Almost two years after appointing a national HIV/AIDS commission, the self-declared republic of Somaliland, in northwestern Somalia, has slowly begun rolling out antiretroviral (ARV) drugs.
The ARV programme, funded by the Global Fund to Fight AIDS, Tuberculosis and Malaria, started in 2005 with 30 participants; it now provides medicines, supplemental food and counselling services to 300 HIV-positive people in Hargeisa, the Somaliland capital.
"Besides an improvement in my health, the best thing about the ARVs is that they have allowed me to keep working and earning money for my family," said Rahma Hirsi, an ARV recipient and mother of three.
Relief workers attribute the success of the ARV programme to the relative stability of Somaliland compared with south-central Somalia, which continues to be racked by conflict, displacing large numbers of people.
Need for vigilance
Somaliland's position makes it a destination of choice for a constant flow of displaced persons from south-central Somalia, as well as a transit point for migrants from east and central Africa attempting to reach the Gulf States, putting the region at a higher risk of HIV.
According to UNAIDS, Somalia's national HIV prevalence rate is 0.9 percent, significantly lower than its East African neighbours, but in Somaliland the infection level is slightly higher at 1.4 percent.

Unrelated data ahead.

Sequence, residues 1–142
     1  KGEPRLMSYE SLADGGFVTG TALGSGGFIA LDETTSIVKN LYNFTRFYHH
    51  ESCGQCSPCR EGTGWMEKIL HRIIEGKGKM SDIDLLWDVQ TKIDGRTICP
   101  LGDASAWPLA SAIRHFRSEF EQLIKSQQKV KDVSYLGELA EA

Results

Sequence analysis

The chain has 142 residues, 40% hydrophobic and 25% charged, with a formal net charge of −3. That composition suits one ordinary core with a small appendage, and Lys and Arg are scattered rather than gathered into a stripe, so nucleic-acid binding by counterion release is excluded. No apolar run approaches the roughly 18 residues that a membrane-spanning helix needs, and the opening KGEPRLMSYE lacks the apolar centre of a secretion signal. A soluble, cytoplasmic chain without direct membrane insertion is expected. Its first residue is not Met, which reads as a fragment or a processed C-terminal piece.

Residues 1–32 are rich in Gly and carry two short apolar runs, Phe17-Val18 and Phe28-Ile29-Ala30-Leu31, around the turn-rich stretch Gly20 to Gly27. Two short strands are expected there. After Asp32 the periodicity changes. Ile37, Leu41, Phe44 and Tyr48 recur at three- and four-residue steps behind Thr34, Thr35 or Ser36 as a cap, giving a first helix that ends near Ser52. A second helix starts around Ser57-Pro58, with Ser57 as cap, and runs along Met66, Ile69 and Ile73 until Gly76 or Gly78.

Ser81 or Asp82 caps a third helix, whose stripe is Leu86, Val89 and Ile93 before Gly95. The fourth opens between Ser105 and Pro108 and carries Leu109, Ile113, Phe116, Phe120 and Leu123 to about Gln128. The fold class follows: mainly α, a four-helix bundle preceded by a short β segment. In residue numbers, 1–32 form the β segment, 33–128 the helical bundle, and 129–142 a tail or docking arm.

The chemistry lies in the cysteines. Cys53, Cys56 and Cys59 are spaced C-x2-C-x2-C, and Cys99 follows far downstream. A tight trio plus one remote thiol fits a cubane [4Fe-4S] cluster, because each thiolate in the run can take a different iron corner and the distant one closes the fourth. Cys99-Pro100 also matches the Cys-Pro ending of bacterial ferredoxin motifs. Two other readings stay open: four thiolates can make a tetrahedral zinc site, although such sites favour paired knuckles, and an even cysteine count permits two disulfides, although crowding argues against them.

Regional experts attribute this to a number of factors, including increased border traffic with neighbouring, higher-prevalence Ethiopia, as well as an emerging commercial port at Berbera, on the Red Sea, where UNAIDS estimated the prevalence rate at 2.3 percent.
Activists have criticised the Somaliland government's failure to finalise a national HIV/AIDS policy covering HIV awareness, treatment and care, which has been in draft form for two and a half years.
"The parliament has not seen HIV/AIDS as a priority, and the fact that we have no national policy is proof of this," Mustafe Farah Migane, project coordinator at the Somaliland HIV/AIDS Network (SAHAN), a Hargeisa-based non-governmental organisation (NGO), told IRIN/PlusNews.
According to the executive director of the Somaliland National AIDS Commission, Mohamed Hussein Osman, a comprehensive HIV/AIDS policy was read by the executive cabinet recently and will be tabled in parliament "in a few weeks".
Stigma against HIV-positive people and their families is widespread, and Somali cultural conservatism means discussion about sex is taboo. "There is still this perception that HIV is something that is contracted only through illegal sex," Migane said. "In other words, if you say that you are HIV-positive, you are saying that you had sex outside marriage."
According to UNAIDS, there is "a serious lack of understanding and awareness of basic information on HIV within Somali populations".
SAHAN has led a series of workshops for women, young people and influential religious leaders. UNAIDS, in partnership with the AIDS commissions of Somalia's three regions - Somaliland in the northwest, Puntland in the northeast and south-central Somalia - is also involved in educating people across the country about HIV.
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